Davis not giving up on drive-through issue
May 6, 2003
Cars and trucks at South Lake Tahoe are putting less carbon monoxide into the air than they did in 1991 but the state requires the improvement to be maintained for 10 years.
Tahoe Regional Planning Agency staff on Friday informed city officials that South Lake Tahoe only attained its goals as of 1996 and therefore hasn’t met the state’s 10-year requirement.
City Councilman Tom Davis and City Manager David Jinkens requested the meeting with the TRPA to discuss a report issued last month to explain why drive-throughs remain banned at the basin despite improvements in air quality at South Lake Tahoe.
“We expressed our concerns and issues and explained the reason for the ordinance,” said Alfred Knotts, associate transportation planner at the TRPA. “It’s due to our high elevation, cold temperature and topography.”
The city says it shares the agency’s concern about protecting air quality, but says it may be possible to reduce levels of carbon monoxide at South Lake Tahoe without banning all new drive-throughs.
“The TRPA is committed to improving air quality, we share that goal,” Jinkens said. “We’re saying drive-up windows potentially contribute to pollution but maybe under some circumstances there may be other ways to improve carbon monoxide … that’s something we’re working on.”
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Ketchum, Idaho and Aspen, Colo., have a ban on drive-throughs because of similar factors, Knotts said.
Davis said he believes the report lacks applied science specific to South Lake Tahoe. If any damage to air quality is caused by a new drive-through, Davis said, the impact could be compensated by another project such as the city’s existing plan inspired by the city councilman to convert all of its vehicles to compressed natural gas.
Vehicles fueled by natural gas produce much cleaner emissions than gasoline or diesel-burning engines.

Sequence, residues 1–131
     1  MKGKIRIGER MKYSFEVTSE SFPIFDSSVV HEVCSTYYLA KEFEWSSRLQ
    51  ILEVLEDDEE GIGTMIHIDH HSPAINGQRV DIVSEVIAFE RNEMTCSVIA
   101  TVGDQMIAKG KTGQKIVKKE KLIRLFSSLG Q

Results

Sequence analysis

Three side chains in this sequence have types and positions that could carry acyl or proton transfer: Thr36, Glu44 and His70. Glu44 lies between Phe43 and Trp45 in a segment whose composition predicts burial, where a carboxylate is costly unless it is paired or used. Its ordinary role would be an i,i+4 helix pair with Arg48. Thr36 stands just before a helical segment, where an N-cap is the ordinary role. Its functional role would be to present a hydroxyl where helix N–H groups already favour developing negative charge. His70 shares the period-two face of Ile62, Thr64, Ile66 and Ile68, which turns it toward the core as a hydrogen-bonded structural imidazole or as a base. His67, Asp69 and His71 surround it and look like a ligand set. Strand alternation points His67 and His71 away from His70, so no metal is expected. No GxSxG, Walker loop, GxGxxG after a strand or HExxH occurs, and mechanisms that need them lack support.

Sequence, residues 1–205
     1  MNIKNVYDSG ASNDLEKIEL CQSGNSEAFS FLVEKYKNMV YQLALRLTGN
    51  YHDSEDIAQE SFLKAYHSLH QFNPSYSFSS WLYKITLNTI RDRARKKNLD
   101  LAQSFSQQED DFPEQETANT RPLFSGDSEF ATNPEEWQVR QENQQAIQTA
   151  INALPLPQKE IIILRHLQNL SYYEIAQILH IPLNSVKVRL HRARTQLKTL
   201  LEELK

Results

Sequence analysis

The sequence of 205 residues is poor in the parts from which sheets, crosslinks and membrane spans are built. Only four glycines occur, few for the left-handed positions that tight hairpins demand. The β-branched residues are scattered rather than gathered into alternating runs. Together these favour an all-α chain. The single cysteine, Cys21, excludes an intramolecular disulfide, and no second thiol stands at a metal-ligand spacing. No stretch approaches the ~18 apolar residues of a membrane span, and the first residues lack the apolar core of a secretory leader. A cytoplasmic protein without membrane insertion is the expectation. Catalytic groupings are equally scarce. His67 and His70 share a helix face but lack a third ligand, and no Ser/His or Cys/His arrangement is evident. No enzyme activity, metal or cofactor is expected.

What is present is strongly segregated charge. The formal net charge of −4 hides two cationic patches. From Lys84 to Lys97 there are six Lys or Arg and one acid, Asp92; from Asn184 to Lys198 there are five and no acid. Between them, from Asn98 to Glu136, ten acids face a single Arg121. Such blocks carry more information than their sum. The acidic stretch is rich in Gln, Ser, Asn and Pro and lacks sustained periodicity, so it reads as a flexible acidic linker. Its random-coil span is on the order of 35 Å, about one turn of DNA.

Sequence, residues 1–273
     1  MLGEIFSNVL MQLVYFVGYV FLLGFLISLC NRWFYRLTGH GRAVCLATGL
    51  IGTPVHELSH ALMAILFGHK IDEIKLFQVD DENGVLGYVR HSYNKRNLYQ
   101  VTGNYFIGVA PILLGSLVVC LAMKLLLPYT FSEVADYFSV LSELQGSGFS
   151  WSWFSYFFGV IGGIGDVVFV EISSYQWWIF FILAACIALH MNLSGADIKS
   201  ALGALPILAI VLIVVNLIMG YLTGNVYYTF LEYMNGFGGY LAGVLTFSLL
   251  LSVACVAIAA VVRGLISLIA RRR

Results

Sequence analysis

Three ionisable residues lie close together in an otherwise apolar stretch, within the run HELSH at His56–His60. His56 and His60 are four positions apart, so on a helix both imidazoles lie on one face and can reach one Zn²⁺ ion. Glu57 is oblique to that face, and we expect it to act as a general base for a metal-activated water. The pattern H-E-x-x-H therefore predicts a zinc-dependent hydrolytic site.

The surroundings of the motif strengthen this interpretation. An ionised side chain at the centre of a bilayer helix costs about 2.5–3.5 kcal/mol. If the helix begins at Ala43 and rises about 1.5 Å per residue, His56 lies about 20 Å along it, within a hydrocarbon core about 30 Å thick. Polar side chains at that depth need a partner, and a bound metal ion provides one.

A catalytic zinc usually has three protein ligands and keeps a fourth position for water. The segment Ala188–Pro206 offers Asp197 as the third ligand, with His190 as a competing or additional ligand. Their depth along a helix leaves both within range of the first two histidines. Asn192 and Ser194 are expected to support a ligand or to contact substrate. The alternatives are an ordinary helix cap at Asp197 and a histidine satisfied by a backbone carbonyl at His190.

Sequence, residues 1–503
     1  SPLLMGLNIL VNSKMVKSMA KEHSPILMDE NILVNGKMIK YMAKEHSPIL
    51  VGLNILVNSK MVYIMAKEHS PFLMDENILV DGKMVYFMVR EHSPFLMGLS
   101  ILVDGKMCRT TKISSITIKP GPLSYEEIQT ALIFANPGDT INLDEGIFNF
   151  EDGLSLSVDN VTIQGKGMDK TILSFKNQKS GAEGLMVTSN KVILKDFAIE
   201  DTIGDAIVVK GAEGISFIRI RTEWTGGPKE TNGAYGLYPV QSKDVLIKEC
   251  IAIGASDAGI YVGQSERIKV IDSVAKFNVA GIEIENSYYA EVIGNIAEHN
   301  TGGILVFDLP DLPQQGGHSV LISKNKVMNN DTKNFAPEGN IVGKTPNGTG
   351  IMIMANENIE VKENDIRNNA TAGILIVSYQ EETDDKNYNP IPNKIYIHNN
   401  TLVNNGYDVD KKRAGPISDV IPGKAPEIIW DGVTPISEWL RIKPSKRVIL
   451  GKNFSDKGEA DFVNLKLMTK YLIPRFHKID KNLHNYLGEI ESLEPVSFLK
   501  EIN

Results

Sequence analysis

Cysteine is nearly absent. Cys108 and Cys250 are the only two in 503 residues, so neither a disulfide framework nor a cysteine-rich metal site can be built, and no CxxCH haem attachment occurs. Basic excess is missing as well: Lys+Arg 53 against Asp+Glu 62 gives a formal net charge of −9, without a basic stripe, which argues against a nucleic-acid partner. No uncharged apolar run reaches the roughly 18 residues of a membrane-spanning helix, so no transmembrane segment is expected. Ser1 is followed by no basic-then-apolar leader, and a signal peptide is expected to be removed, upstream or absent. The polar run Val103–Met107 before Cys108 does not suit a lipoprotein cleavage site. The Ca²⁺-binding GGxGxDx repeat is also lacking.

Davis did not attend Friday’s meeting but Jinkens briefed him about it.
“I’m not giving up,” said Davis, on Monday afternoon. “I want to see applied science for today’s technology and today’s vehicles.”
Drive-throughs, improved automotive technology or not, still mean more idling cars and increased pollution, Knotts said. He added that if South Lake Tahoe fails to maintain its air quality, the city may no longer be eligible for federal funds for transportation projects.
Davis said his push to re-examine the drive-through ban is based on a desire to make businesses like pharmacies accessible to people from a car, especially people who are older or disabled.
The TRPA staff report on the drive-through ban, in effect since 1987, will be presented to its Governing Board on May 28. The city plans to provide written comments regarding the staff report.
The report will be the same as one shelved last month, Knotts said, but it will include updates on the TRPA meeting’s with the city and the Tahoe Area Coordinated Council for the Disabled.
“You bet there is a need for seniors and for the disabled for this drive-up window,” said David Kelly, president of the Tahoe Area Coordinated Council for the Disabled. “If they cannot give up a drive-through window for that pharmacy we said we wanted some reasonable accommodations.”
Alternatives to a drive-through window suggested by the TRPA include the use of money set aside for air quality improvement projects to set up curbside or home delivery service for businesses.
— Gregory Crofton can be reached at (530) 542-8045 or by e-mail at firstname.lastname@example.org